Pumpkin growers gearing up for robust season


~ Press release issued by the Virginia Farm Bureau Federation

WYTHEVILLE — Pumpkin season is here, and farmers are welcoming the public to their U-pick pumpkin patches.

At Williams Orchard in Wythe County, Bobby Williams grows multiple varieties of pumpkins and gourds on 40 acres. He said they’ve had a decent growing season, with plenty of pumpkins ready for people to pick.

“We had some dry weather in the summertime, and they didn’t get quite the size, but they’re good Halloween pumpkins—I just don’t have many of the really big ones this year,” Williams said. “We had some rain that hit just right. There’s a lot of production per acre this year.”

Williams Orchard’s U-pick patch is open through the end of October, and Williams said he’s hoping to recoup some business lost last year because of the pandemic. In addition to a farm stand and maze, “we have a pumpkin chucker that shoots pumpkins a quarter-mile,” he shared.

A member of the Virginia Pumpkin Growers Association, Williams noted that while he’s had a good crop, overall “pumpkins are a little bit short this year,” and the wholesale price for pumpkins is up.

“Some people had an excellent crop, and some had a failure, but overall I think when you plant, lots of times you don’t get a full stand, and plants are not as populated as they should be,” he explained.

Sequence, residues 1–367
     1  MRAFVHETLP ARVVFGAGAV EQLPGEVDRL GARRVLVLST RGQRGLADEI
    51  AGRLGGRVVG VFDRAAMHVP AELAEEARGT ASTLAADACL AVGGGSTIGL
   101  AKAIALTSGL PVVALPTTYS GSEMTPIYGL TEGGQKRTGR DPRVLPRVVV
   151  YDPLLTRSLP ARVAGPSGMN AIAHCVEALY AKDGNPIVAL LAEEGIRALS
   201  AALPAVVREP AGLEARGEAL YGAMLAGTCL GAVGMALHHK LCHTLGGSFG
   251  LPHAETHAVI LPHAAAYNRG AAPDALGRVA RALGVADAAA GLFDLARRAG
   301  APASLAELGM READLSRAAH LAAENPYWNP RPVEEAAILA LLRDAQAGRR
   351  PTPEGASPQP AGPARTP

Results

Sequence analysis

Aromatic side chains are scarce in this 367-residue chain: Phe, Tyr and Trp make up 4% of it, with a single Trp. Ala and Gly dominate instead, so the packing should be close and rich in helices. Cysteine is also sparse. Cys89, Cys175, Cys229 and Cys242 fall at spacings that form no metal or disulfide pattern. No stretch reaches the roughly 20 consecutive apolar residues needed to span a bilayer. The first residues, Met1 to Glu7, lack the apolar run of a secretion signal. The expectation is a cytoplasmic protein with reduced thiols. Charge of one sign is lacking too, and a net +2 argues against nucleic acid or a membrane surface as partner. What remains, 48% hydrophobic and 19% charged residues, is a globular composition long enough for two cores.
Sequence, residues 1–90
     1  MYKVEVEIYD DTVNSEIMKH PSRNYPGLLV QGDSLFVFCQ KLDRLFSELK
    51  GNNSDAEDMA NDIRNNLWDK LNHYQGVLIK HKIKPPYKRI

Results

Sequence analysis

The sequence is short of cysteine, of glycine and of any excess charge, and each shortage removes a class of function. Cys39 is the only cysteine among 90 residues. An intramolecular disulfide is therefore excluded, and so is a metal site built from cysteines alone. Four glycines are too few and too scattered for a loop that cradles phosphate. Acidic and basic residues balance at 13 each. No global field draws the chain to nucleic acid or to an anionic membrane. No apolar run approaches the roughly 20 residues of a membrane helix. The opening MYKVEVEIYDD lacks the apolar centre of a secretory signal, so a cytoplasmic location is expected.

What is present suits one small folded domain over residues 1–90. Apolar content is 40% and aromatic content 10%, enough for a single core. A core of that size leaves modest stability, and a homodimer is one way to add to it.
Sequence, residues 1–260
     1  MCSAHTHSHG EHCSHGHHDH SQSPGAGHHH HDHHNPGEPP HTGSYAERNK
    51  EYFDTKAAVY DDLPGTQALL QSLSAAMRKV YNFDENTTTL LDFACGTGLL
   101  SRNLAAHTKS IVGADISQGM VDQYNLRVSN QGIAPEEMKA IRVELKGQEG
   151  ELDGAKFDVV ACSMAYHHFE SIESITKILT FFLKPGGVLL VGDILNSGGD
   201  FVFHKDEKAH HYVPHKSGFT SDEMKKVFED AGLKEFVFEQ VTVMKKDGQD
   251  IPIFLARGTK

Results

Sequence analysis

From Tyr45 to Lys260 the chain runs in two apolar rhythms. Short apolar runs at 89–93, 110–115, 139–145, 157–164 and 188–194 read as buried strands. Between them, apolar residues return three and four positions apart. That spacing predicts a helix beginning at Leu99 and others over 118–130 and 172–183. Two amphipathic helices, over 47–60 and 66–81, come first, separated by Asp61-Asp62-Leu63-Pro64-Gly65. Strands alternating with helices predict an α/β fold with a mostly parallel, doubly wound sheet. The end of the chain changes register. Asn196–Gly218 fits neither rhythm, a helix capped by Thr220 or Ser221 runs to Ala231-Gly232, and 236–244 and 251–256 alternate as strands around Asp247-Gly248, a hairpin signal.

At their peak during September and October, pumpkins are a big business in the commonwealth. The 2020 U.S. Department of Agriculture Economic Research Service reports pumpkins account for a whopping $17.5 million in cash receipts — ranking 18th among the state’s top agricultural commodities. 

According to a survey by the U.S. Department of Agriculture’s National Agricultural Statistics Service, 5,400 acres of pumpkins were harvested in 2020, down slightly from 5,600 acres in 2019. 

Carter Harvie, who operates a U-pick pumpkin patch at Coverly Farm in Amelia County, echoed Williams’ sentiments, saying he’s also had a good season. 

“It’s been a good year,” said Harvie, an Amelia County Farm Bureau member. “The rain came at the right time, and it looks like we’ve got a good stand of pumpkins this year.”

Harvie grows about nine different types of pumpkins on 4 acres, including the popular Jack-O-Lantern variety. He also grows unique all-white pumpkins, gourds and smaller orange and white pumpkin varieties. 

He said this is the fifth year his farm has had a U-pick patch. He also operates a corn maze and offers hay rides and other fun activities for families.



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